What I wonder, is would we have been better off to look for a piece of the puzzle that would better suit us as a whole? Perhaps some bullpen help? Another outfield option in right field? I get the feeling that we took Kendall just because he was available. Just because he is a good name doesn't necessarily mean we should have taken him.
However, be that as it may, we have him, and I welcome him. I would love nothing more for him to gete back into his NL groove and tote a robust .300-.320 average and be the gritty grinder we all know. I think his bust-ass mentality will rub off and rejuvenate some of the guys on the team. We already have scrappy young guys who are natural-born gamers, and that's what this team will need to make it's run down the stretch. Fontenot and The Riot have been impressive, as has Hill to a lesser degree. Ramirez has been on fire the last month, and the team is playing with a lot of confidence.
I noticed when Ohman (in our house called "Oh, man..." usually) came in to pitch the other night, if it was just a chance to showboat him for a trade. Other bloggers and analysts have theorized on this also, so I can't imagine that this was just a coincidence.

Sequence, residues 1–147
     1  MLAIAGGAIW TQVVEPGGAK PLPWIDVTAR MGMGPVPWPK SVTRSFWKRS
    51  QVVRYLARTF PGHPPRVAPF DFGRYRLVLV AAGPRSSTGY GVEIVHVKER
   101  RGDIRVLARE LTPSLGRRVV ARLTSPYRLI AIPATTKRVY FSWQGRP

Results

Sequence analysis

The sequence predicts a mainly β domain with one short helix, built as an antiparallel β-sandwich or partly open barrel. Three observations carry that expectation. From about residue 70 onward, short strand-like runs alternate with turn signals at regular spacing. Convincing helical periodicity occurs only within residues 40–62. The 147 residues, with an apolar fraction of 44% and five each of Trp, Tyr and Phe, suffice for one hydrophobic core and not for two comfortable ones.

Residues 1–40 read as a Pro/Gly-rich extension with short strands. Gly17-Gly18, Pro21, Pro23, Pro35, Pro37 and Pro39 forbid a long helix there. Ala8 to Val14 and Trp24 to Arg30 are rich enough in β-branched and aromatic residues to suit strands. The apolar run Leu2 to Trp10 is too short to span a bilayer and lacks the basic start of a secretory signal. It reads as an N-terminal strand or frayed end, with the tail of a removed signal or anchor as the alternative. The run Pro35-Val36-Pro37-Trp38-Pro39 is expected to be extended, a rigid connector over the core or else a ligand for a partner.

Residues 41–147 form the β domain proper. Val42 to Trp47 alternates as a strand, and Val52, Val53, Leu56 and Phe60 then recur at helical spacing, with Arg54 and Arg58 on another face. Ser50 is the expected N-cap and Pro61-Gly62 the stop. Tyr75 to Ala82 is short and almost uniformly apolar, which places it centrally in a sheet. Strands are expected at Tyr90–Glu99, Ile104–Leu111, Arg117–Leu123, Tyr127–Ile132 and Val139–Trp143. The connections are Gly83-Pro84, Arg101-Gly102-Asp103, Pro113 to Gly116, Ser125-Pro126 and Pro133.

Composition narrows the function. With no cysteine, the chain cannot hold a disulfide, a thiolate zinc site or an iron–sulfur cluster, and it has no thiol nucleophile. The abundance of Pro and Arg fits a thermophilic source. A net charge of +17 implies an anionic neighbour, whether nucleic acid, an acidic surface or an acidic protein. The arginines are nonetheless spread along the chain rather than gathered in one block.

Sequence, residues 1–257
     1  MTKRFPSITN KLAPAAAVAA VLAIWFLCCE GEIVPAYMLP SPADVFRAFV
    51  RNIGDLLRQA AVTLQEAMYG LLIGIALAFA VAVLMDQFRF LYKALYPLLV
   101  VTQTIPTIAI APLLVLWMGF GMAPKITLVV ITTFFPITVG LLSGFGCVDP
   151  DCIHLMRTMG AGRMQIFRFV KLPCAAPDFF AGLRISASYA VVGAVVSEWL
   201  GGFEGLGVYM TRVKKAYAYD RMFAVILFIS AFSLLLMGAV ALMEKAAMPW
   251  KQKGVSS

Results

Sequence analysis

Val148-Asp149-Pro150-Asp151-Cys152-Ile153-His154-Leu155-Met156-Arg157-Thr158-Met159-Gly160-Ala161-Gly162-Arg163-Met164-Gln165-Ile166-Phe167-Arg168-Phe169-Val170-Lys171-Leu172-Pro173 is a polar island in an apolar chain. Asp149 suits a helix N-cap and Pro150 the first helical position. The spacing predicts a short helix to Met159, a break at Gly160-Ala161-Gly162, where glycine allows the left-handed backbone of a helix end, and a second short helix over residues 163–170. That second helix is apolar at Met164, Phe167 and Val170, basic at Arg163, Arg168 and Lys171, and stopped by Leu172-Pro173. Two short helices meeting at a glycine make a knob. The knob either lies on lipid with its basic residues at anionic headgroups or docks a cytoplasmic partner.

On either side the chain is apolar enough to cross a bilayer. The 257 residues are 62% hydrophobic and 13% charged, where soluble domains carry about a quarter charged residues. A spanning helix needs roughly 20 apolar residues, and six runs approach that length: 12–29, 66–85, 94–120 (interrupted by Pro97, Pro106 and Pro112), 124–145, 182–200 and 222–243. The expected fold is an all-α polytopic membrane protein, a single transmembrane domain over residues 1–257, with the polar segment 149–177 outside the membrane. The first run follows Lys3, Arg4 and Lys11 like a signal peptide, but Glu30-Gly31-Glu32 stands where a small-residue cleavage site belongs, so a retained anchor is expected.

Now, let's check out some trade deadline rumors, and I'll give you my input on them, for what it's worth.
- Sammy Sosa - No. No way. Nyet. Non. Nada chance-o in hell-o does Sammy come back to Chicago. Not for nostalgia, not for help, and damn sure not for outfield. Sammy was a great period of time for Cub fans in Chicago, and that is the way we want it to stay. Good memories. Sammy has made a strong case for Comeback Player of the Year award, but not for Chicago Comeback Player. Good luck, Sammy, I really do wish you all the best, but it won't be back at Wrigley.
- Jose Contreras - Contreras gave up 10 earned runs on 10 hits in only 7.1 innings pitched Friday against the Red Sox. Needless to say, he earned the loss in it. That makes his record 1-8 with a stout 7.56 ERA in his last 10 starts. His velocity is way down this year, and his command is having major issues. I would avoid this guy like herpes.
- Ken Griffey Jr. - Hey, I am not even going to bite my tongue on this...I would love to have Griffey roaming right field at Wrigley. But the only way I see this happening is if Mark Cuban buys the team and spends the money to pay Griffey. I don't see Griffey going anywhere before the trading deadline, but I would expect the Red to try to move Dunn before the deadline to a contending club. I wouldn't even put Griffey on the Cubs radar unless the new owner makes it clear that they want to spend a lot of money. There is a lot of marketability there, and who wouldn't want a Soriano-Pie-Griffey outfield? Or for that matter, this infield...